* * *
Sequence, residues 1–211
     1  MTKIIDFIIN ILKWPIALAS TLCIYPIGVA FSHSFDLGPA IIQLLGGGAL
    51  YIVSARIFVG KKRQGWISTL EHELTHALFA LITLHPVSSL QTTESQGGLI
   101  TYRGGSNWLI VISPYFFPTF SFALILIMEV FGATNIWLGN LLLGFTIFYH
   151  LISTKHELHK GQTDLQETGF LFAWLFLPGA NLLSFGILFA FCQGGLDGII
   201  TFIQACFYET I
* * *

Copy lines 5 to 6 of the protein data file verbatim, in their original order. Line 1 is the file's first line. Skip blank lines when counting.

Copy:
   151  LISTKHELHK GQTDLQETGF LFAWLFLPGA NLLSFGILFA FCQGGLDGII
   201  TFIQACFYET I